The hallmark of the series, the 108 characters, is my favorite feature of the entire series. This was the first game to be so ambitious in its design. Previous games, such as Destiny of an Emperor and Koei’s strategy game series, had more characters. But none of those games had nearly the level of characterization as Suikoden.
One on one fights were basically identical to the war battles, which were basically identical to rock-paper-scissors.
The first army battle in Suikoden takes place shortly after getting the castle, and it introduces the simplistic strategy system. Essentially, the game is Rock-Paper-Scissors with HP and attack power. The attack power for each type goes up depending on what characters you have recruited. Some characters have special abilities, such as a particularly useful one that lets you see what the opposing army will do next. Unfortunately, there’s not a whole lot of strategy involved because the battle is usually over so quickly. One or two bad decisions can lead to your defeat, particularly early on. The battles usually last less than ten minutes, which makes it feel more like a required minigame than a significant aspect of the gameplay.
Artwork in the game is pretty good (important in a two-dimensional game) but portraits can have a somewhat washed-out look, and some are odd-looking (Lepant is wearing flesh-colored armor… I hope). The use of portraits in the game’s dialogue makes it much easier to tell who is talking, a feature which is carried over to the successive games. Music is generally good, but many of the themes are forgettable and a bit generic-sounding.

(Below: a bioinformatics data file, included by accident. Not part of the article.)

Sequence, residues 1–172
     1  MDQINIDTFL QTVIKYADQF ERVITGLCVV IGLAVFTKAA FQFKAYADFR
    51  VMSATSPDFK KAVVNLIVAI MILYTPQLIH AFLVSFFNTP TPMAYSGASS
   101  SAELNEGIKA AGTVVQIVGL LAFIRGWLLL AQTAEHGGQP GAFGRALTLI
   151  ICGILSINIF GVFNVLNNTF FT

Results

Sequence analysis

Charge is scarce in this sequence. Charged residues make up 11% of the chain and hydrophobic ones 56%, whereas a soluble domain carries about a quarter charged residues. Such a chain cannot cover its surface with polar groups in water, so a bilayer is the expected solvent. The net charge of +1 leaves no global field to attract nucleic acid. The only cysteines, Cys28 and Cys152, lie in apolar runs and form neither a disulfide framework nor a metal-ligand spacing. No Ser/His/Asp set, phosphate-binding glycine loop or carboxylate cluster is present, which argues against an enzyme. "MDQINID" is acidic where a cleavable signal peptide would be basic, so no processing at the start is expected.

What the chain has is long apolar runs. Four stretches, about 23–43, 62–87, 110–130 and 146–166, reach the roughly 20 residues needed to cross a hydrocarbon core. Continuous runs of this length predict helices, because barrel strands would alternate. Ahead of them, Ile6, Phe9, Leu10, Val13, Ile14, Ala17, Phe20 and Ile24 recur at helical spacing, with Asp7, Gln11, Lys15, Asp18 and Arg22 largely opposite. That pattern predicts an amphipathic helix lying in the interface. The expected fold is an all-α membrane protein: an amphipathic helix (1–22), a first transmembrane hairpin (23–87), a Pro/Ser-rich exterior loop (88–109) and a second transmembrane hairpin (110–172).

My main disappointment with Suikoden 1 is that it is incredibly short. Even without much RPG experience, the game is within the 20-hour range, and if you have played the game before (or are consulting a guide, as some recruitment is a bit obscure) this can go into the sub-15 range, even with all 108 characters. The translation is usually not too bad in the main plot, but it can get pretty iffy in other places, particularly in the strategy battles.
Suikoden 1 is an entertaining game. Its plot is epic while remaining very believable (between saving the world from space aliens/evil omnipotent maniac and saving a country from corrupt governance, I find the latter much more realistic), it has good artwork and passable music, and a lot of neat features. It also introduces an interesting world that its sequels build upon. It is, though, very short and has a somewhat lacking translation.